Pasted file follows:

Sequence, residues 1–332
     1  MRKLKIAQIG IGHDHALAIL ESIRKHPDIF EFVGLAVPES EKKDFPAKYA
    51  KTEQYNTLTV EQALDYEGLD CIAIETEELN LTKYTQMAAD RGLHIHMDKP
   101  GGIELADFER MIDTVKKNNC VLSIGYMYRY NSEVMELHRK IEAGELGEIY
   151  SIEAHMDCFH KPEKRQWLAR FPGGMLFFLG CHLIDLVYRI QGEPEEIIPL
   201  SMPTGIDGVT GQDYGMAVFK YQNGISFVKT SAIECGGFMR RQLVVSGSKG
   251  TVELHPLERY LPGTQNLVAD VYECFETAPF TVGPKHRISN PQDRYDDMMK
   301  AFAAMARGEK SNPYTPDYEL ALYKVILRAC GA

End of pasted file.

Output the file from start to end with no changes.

Sequence, residues 1–332
     1  MRKLKIAQIG IGHDHALAIL ESIRKHPDIF EFVGLAVPES EKKDFPAKYA
    51  KTEQYNTLTV EQALDYEGLD CIAIETEELN LTKYTQMAAD RGLHIHMDKP
   101  GGIELADFER MIDTVKKNNC VLSIGYMYRY NSEVMELHRK IEAGELGEIY
   151  SIEAHMDCFH KPEKRQWLAR FPGGMLFFLG CHLIDLVYRI QGEPEEIIPL
   201  SMPTGIDGVT GQDYGMAVFK YQNGISFVKT SAIECGGFMR RQLVVSGSKG
   251  TVELHPLERY LPGTQNLVAD VYECFETAPF TVGPKHRISN PQDRYDDMMK
   301  AFAAMARGEK SNPYTPDYEL ALYKVILRAC GA